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Smoking Mothers May Alter the DNA of Their Children 155

sciencehabit (1205606) writes "Pregnant women who smoke don't just harm the health of their baby—they may actually impair their child's DNA, according to new research. A genetic analysis shows that the children of mothers who smoke harbor far more chemical modifications of their genome — known as epigenetic changes — than kids of non-smoking mothers. Many of these are on genes tied to addiction and fetal development. The finding may explain why the children of smokers continue to suffer health complications later in life.
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Smoking Mothers May Alter the DNA of Their Children

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  • by Anonymous Coward on Monday July 28, 2014 @08:34PM (#47554317)




    These all result in epigenetic changes to the DNA of a fetus.

    What's REALLY interesting/scary is that these changes themselves can be inherited.

    One of the best groups that has been followed and studied are survivors of starvation in the ghettos of WWII, polish ghetos IIRC.

    We've seen that children who were born to mothers who were actively starving during pregnancy, are more prone to the "thrifty" phenotype, more prone to abnormal weight gain and obesity, than those who's gestation was before or after. Analysis of their genes has shown they had changes in the methylation of certain key genes compared to their parents or peers, altering their expression. In other words, the cells of the developing fetus adapted to the stress they were exposed to, resulting in LIFE LONG ALTERATIONS in the EXPRESSION of their DNA. The DNA itself, DID NOT CHANGE, yet they had different expressions of those same genes, for the rest of their life!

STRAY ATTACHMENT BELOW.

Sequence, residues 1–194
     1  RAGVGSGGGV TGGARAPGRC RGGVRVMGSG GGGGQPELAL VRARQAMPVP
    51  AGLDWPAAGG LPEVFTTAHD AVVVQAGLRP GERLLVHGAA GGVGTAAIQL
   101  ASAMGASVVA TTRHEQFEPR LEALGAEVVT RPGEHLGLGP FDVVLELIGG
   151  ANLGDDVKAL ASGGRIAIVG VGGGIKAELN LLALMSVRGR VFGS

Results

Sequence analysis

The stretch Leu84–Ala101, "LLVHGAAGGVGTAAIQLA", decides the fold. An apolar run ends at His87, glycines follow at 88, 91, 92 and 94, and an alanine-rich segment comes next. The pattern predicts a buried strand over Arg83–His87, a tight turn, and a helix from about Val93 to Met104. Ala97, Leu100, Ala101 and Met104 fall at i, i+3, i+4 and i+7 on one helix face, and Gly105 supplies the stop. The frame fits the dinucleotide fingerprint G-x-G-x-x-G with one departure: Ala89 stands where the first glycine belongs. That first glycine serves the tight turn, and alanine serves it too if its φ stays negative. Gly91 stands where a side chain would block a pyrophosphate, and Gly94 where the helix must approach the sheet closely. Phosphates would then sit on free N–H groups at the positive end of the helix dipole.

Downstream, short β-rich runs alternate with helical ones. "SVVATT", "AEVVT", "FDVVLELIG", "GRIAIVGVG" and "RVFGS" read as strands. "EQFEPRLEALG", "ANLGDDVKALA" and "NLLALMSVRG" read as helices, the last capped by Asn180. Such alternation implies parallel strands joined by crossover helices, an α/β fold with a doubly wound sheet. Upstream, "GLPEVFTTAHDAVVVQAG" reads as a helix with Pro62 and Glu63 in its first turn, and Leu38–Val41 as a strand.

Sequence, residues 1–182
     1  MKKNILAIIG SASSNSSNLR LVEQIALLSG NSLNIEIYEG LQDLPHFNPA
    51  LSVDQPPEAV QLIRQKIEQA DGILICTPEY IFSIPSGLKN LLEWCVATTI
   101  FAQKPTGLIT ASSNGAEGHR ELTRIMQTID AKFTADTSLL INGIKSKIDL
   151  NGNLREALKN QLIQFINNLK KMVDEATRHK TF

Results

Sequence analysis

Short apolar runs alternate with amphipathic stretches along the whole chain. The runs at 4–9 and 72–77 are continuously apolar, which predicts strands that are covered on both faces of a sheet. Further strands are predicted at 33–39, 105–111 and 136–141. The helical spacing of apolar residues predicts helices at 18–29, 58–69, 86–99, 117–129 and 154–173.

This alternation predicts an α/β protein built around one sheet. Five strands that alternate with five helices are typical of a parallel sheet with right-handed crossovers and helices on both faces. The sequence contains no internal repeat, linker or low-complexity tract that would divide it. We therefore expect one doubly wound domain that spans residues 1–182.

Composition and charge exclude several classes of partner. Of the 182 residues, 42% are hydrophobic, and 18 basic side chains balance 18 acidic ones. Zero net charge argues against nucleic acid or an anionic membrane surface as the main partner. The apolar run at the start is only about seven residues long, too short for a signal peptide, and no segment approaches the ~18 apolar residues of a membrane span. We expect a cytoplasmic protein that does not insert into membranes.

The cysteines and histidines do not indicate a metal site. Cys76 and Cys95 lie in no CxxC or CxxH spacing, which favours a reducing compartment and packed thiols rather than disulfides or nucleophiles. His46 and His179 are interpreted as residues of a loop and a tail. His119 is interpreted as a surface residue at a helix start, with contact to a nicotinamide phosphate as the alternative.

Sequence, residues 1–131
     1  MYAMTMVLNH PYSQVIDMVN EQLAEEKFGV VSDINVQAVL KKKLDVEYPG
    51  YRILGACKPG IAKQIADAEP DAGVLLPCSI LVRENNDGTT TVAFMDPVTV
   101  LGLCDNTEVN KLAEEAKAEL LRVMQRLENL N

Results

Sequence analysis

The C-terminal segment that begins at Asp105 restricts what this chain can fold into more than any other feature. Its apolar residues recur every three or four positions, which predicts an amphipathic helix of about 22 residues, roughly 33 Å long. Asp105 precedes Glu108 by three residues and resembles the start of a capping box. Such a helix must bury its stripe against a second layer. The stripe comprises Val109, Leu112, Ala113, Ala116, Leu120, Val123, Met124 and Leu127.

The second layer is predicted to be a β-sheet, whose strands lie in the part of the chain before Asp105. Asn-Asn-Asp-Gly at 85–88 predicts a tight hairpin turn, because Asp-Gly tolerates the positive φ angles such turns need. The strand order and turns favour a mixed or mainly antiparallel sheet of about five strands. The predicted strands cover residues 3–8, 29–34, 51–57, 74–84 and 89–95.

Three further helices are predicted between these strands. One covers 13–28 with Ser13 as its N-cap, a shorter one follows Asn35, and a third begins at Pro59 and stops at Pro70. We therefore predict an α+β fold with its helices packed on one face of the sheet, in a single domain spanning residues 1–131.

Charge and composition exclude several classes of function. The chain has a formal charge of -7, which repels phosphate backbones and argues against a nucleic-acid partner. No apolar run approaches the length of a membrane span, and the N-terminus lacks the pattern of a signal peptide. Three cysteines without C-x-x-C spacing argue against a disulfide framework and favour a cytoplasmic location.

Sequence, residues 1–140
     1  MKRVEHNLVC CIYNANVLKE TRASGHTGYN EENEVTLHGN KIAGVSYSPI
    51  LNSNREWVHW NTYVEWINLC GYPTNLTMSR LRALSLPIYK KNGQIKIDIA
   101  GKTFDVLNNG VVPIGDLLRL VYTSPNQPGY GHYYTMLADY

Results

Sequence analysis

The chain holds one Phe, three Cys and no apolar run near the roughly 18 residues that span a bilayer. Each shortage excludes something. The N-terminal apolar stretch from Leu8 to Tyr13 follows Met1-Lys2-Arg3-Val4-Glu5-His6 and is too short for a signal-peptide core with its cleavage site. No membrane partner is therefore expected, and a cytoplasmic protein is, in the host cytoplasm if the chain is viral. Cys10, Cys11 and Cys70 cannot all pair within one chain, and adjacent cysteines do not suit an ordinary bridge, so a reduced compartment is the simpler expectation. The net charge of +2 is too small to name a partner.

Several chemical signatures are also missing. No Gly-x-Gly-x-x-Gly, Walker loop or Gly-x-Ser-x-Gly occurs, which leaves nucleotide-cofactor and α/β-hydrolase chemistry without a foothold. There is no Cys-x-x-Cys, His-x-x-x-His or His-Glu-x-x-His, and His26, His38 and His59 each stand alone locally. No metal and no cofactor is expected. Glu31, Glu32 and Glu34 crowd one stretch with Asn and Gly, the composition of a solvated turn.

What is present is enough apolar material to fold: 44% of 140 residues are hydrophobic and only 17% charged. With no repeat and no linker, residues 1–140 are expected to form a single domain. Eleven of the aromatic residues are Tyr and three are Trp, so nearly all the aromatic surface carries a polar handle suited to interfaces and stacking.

Crazy, right? Well, wait for this next bit, it'll really bake your noodle.

    The GRANDCHILDREN of those women who were starving while pregnant *inherited* the changes to their parent's DNA (male AND female parents!), even if their mother did not undergo the same stress that their grandmothers did. The altered phenotype they express may be less severe then that of their parent, but they maintain those altered methylation patterns.

    Another way we are finding this is children of women who are obese and/or hyperglycemic (gestational diabetes or poor diabetes control) are more prone to obesity or type 2 diabetes themselves, independent of post-gestational life. And if their mothers happen to have a gastric bypass and lose significant weight, then have another pregnancy? The children conceived after the weight loss seem to be no more likely to have weight issues or diabetes than children of non-obese women.

    On the one hand, this is exciting, because a whole new field of study is blossoming as we watch!

    On the other hand, even if we get the current obesity epidemic under control, or even reverse it, we're going to be feeling the effects for, literally, generations. Sins of the parents, indeed...

    (PS: And, no, I don't mean that to mean the children are being divinely punished for their parents acts. Give me a break, poetic license in a crappy situation.)

This restaurant was advertising breakfast any time. So I ordered french toast in the renaissance. - Steven Wright, comedian